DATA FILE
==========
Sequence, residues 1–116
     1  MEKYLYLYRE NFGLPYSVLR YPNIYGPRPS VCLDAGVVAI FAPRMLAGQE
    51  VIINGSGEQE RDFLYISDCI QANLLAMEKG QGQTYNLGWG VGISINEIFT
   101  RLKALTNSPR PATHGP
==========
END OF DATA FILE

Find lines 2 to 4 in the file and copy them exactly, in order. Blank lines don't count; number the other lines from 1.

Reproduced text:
     1  MEKYLYLYRE NFGLPYSVLR YPNIYGPRPS VCLDAGVVAI FAPRMLAGQE
    51  VIINGSGEQE RDFLYISDCI QANLLAMEKG QGQTYNLGWG VGISINEIFT
   101  RLKALTNSPR PATHGP